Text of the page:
Research Ethics

Research Ethics

Research Ethics

The Department expects all research by its students and staff to be conducted according to expected ethical standards of the discipline and the University. These mandate that any research undertaken by staff or students that involves human participants, personal data, or human tissue is subject to a formal ethics review. The main purpose of the Department’s ethics review procedure is to facilitate the research undertaken by members of the Department, both staff and students, in a way that protects both our research participants and ourselves. See the Department of History’s ethics review procedure for further guidance.

The University’s Ethics Policy Governing Research Involving Human Participants, Personal Data and Human Tissue applies to:

- all University staff and registered students who conduct, or contribute to, research activities involving human participants, personal data or human tissue, whether these take place within or outside University premises and facilities, or are part of a work placement undertaken in fulfilment of a University degree award; and
- all individuals who, although they are not members of the University, conduct, or contribute to, research activities involving human participants, personal data or human tissue that take place within University premises and facilities.

The University’s definition of research is ‘a process of investigation leading to new insights, effectively shared’; the full details are outlined in Research Ethics: General Principles and Statements.

Research funding bodies may have their own research ethics policies and/or requirements, which must be met as a condition for receiving research funding. However, this does not obviate the need for observance of the University’s Policy and its associated procedures; in such cases, the external policies and requirements are an extra layer of research ethics governance, not an alternative to the University’s Policy.

Similarly, external research collaborators may be required to follow the ethics policies and procedures of their own organisations. However, the University’s Policy and procedures must still be followed in any collaborative research that involves University of Sheffield staff or students. In some cases, an external organisation’s ethics review procedure may be deemed sufficiently robust that additional ethical approval via the University of Sheffield’s procedure is not required – see section 4 of the Research Ethics Approval Procedure for more details (‘Alternative Ethics Review Procedure’).

More information:

  • Research that Involves Human Participants
  • Research that Involves Personal Data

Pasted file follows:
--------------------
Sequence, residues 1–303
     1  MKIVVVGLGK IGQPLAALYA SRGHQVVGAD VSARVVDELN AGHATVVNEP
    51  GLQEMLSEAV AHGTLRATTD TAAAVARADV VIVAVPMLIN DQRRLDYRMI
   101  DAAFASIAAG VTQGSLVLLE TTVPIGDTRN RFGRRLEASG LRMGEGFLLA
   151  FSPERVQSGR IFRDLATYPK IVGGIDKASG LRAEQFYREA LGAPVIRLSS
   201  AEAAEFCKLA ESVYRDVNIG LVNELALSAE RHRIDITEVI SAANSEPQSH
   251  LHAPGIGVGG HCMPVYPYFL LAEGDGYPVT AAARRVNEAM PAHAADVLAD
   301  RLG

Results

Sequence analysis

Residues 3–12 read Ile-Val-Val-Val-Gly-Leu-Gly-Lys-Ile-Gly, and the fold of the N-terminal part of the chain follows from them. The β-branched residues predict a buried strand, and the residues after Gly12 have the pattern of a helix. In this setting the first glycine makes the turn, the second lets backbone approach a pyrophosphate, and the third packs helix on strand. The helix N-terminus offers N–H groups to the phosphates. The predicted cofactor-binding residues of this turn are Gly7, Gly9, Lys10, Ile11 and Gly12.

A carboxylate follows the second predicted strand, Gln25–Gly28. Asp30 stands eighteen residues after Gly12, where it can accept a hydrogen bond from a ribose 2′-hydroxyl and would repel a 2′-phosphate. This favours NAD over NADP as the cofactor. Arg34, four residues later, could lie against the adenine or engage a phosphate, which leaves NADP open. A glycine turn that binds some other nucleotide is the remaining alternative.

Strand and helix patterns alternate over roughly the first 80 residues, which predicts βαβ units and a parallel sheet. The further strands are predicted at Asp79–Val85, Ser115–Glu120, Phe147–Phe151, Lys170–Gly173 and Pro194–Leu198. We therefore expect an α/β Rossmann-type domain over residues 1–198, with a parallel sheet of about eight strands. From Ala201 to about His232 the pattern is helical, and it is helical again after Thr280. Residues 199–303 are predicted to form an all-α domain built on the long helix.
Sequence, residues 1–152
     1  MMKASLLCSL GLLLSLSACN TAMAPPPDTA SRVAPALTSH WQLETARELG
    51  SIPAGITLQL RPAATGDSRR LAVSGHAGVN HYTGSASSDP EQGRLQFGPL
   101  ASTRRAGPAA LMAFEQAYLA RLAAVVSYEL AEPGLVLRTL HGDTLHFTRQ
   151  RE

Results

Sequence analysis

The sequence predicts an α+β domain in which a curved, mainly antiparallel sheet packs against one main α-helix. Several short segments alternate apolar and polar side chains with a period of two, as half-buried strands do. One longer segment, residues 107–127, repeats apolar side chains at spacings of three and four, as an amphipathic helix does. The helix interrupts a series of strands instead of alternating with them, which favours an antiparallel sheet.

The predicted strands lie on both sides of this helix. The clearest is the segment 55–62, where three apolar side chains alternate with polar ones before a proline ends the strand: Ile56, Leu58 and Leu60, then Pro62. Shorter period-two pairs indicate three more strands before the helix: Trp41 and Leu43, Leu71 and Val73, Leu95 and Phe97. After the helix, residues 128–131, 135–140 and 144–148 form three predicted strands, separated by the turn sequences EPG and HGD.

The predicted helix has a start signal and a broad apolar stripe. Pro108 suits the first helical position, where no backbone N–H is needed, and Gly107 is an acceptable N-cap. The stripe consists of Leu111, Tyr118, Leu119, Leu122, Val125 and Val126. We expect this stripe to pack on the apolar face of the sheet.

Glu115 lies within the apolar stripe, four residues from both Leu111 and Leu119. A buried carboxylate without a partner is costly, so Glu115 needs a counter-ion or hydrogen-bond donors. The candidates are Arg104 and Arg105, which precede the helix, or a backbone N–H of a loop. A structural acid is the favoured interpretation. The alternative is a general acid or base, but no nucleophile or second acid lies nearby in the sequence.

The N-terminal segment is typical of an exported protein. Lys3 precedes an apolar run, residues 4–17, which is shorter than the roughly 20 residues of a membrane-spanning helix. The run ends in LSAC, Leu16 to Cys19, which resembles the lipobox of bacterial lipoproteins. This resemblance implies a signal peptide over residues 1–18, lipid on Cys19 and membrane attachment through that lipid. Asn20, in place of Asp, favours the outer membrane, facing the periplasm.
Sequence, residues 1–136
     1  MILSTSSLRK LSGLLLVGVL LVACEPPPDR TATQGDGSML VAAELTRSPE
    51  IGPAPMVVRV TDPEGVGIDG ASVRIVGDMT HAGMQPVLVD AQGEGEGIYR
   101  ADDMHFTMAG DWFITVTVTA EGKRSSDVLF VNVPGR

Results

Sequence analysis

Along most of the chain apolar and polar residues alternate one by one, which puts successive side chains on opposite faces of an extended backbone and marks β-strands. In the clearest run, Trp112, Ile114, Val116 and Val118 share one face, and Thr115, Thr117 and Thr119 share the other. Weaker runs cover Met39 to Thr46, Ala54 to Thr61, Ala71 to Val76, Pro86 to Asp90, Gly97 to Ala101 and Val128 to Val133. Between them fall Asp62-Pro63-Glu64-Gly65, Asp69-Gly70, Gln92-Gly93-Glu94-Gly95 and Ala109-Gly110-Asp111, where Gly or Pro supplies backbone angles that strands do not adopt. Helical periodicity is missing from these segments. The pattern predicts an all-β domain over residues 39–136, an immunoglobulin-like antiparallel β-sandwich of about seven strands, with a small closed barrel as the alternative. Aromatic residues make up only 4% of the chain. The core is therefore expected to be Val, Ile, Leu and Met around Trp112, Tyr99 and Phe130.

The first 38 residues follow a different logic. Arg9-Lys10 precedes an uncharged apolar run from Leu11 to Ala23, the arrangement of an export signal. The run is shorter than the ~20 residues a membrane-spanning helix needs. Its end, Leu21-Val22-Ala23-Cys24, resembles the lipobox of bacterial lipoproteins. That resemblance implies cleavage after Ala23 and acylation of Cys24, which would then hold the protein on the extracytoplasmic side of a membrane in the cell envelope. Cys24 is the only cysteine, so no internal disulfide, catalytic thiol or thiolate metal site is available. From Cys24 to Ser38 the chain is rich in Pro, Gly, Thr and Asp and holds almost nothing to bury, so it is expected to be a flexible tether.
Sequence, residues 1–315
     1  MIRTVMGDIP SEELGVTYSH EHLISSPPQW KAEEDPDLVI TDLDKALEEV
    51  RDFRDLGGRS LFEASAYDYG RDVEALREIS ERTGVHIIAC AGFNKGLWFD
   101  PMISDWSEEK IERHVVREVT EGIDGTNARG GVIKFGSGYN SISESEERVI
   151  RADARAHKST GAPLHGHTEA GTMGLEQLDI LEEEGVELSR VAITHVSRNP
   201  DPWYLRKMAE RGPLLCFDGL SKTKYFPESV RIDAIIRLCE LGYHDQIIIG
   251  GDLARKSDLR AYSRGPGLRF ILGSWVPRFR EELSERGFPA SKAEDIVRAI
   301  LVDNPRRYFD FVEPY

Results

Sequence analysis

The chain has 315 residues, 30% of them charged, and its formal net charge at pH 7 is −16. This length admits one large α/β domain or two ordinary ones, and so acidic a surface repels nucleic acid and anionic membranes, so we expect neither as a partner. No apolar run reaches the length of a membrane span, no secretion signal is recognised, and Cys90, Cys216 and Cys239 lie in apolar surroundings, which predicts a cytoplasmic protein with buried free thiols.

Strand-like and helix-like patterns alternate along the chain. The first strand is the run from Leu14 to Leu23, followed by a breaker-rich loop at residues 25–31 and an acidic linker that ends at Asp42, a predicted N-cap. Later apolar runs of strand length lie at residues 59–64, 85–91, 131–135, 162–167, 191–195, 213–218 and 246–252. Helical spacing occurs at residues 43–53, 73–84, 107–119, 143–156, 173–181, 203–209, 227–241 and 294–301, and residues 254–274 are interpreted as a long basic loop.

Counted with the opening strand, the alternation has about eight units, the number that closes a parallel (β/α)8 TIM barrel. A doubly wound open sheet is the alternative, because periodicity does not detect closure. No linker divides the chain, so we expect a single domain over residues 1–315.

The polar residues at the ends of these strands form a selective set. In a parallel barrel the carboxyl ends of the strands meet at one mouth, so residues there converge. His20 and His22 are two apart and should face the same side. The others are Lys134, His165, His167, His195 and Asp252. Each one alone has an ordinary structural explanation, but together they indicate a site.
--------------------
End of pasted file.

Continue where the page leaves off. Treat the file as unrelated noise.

• Supplementary Guidance on Conducting Oral History Legally and Ethically
  • The Ethics Review Procedure
  • Ethics Reviewers
  • Research Ethics Officer

These webpages highlight aspects of the University’s ethics policy and guidance that are most likely to be relevant to staff and students in the Department of History. Students and staff should consult the University’s Ethics Policy, Specialist Guidance Papers, Research Ethics Policy Notes, and Supporting guidance on the University’s Ethics Review Procedure for full details and further guidance.

Students may also find the Brief Student Guide to Research Ethics helpful.

Human Participants

Research that Involves Human Participants

Research involving human participants can be broadly defined as research that:

  • directly involves people in research activities through their actual participation as research subjects, during which research data will be collected from them. ‘Actual participation’, is not limited to face-to-face interactions: it includes research processes such as interviews, questionnaires, and surveys, whether carried out face-to-face, or via telephone, email or the internet, or observational research.
  • indirectly involves people in research activities as research subjects, through their provision of, or access to their, personal data and/or tissue; or
  • involves people in research activities while they are acting on behalf of others who are research subjects, during which research data will be collected from them (e.g. as parents or legal guardians of children or mentally incapacitated people, or as supervisors of people in controlled environments, such as prisoners, pupils, asylum seekers, psychiatric patients whether sectioned or not, etc.).

In general terms, ethics approval is required when a project will involve interaction with people in order to collect individuals’ opinions and/or personal information as research data, in a systematic way for analysis and/or reporting as research, or as part of a student research assignment. Research data can be defined as ‘the evidence used to inform or support research conclusions.’

In general terms, ethics approval is not required when a project will involve interaction with people in order for them to contribute only to an activity which does not constitute research (e.g. where they are only contributing to the design of the research project itself) with no intention to disseminate the data/findings as academic research.